This little trick will create an invisible wall that large units cannot pass through. Only Villagers and Priests can. If you have ever been in the Gaia menu of the scenario editor you might have seen a unit called “tree forest,” but when you go to place it, you don’t see anything. Well you are actually placing a unit. After you place one hit CTRL+A, this will bring up the boundary lines of every object. You should now see a little white box where you placed your “tree forest unit” now you can place these accurately in a line to make an invisible wall. Because of the spacing, only the small units like Villagers and Priests can maneuver through this wall. These tree forest units can be only so close together, but it will still stop the larger units. By moving a unit into a tree forest you will render it unable to move. This may be helpful in making some interesting scenarios.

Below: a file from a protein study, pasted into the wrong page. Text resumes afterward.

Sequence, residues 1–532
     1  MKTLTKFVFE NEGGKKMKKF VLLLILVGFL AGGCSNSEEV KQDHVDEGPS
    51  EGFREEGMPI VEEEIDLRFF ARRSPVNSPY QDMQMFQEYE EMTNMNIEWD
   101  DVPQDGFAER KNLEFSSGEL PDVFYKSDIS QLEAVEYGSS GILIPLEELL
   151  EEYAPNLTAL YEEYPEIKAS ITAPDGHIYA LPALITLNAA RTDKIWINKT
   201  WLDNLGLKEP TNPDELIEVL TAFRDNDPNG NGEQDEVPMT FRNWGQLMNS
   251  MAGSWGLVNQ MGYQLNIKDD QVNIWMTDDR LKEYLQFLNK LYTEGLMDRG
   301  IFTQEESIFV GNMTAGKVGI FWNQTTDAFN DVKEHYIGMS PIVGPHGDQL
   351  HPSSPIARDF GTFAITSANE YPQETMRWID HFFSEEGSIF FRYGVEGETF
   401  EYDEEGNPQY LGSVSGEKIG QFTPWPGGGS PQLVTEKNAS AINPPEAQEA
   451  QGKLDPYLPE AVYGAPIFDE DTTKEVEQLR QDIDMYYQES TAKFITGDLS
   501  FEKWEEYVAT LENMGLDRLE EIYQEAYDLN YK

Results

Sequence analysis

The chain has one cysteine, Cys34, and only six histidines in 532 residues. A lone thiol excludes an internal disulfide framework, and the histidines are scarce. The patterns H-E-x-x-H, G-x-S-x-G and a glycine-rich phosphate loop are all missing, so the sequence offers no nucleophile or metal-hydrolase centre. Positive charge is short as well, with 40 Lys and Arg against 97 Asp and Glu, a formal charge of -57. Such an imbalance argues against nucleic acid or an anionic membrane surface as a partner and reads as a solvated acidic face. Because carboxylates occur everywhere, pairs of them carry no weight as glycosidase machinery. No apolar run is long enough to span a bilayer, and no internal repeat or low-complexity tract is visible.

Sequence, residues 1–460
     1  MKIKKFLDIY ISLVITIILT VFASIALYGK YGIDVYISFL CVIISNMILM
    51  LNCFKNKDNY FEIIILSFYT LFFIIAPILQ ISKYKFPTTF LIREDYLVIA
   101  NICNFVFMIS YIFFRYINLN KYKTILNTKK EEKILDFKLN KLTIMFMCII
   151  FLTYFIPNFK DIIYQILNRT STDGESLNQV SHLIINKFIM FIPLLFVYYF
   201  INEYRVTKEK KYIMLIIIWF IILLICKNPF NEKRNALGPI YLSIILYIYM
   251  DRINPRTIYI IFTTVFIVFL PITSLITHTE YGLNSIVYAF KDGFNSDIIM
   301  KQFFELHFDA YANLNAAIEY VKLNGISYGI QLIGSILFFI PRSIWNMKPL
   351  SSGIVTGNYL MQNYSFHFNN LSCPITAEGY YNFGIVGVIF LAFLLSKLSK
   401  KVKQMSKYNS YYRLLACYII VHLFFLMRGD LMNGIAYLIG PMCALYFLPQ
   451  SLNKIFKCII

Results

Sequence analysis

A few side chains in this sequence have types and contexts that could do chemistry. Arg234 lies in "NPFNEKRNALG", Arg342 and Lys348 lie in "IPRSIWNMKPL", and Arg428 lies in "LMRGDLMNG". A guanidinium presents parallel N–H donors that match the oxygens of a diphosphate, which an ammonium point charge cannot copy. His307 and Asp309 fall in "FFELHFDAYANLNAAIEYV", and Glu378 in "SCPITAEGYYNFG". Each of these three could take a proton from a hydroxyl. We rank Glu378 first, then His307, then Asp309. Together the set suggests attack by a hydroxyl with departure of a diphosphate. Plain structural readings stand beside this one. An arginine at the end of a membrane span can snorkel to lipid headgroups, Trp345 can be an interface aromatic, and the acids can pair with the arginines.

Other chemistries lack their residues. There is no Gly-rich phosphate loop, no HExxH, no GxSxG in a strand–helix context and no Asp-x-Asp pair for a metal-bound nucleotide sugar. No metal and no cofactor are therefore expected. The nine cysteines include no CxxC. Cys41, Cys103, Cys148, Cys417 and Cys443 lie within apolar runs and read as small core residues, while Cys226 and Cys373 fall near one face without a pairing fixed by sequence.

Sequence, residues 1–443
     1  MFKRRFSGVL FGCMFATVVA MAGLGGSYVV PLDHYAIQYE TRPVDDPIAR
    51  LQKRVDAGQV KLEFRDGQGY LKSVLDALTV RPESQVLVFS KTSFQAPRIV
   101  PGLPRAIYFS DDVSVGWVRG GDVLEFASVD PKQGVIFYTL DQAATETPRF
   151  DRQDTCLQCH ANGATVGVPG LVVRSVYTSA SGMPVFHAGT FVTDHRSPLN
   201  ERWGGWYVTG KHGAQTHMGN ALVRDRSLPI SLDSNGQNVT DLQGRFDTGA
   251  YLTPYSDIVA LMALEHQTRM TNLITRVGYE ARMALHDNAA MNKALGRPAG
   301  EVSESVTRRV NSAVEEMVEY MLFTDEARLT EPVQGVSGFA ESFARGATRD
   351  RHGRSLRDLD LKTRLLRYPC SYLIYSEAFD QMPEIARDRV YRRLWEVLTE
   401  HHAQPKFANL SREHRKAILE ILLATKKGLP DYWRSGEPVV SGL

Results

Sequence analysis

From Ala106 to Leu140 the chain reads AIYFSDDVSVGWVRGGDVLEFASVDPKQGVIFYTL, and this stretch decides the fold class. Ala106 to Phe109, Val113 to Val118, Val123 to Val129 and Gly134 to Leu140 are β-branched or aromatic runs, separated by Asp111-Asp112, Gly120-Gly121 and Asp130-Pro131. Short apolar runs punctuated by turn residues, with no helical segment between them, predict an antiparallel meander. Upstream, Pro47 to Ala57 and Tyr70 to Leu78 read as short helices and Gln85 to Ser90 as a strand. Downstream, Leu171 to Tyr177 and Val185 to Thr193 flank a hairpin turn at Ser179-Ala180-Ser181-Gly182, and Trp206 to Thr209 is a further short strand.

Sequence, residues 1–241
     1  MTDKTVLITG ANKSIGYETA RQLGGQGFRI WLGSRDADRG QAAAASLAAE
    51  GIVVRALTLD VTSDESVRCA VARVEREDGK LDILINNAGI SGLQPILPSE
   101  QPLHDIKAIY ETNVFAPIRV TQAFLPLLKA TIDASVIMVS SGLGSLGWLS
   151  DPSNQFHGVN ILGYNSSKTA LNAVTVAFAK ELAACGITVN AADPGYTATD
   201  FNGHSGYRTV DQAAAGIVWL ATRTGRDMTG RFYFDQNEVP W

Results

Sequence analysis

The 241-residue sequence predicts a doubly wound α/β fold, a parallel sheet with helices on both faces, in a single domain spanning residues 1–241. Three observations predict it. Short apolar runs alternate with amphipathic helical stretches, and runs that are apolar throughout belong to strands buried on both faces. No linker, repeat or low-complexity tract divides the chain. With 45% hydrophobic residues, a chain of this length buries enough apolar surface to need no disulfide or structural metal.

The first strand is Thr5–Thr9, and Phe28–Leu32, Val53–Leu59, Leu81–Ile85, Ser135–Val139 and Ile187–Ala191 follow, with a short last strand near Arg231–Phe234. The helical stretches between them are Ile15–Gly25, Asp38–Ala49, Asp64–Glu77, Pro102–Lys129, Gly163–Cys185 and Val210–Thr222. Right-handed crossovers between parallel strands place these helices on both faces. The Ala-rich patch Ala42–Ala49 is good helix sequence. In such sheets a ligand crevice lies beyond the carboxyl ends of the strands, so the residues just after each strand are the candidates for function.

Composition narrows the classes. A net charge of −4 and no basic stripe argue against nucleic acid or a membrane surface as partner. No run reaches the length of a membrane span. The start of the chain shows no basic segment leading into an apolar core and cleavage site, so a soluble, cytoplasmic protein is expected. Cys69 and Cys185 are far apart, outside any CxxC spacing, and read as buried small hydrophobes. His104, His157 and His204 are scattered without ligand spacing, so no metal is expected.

5.   Dock Away From Shore

With this trick you can place a dock in the middle of the water. All you have to do is place the dock at the shore first and then just add the water around it, making sure not to add water directly under the dock, just around.

 

I hope this helps you. I had a lot of fun writing this article! If you know of any tricks I haven’t covered here, please let me know along with any corrections or mistakes I might have over looked.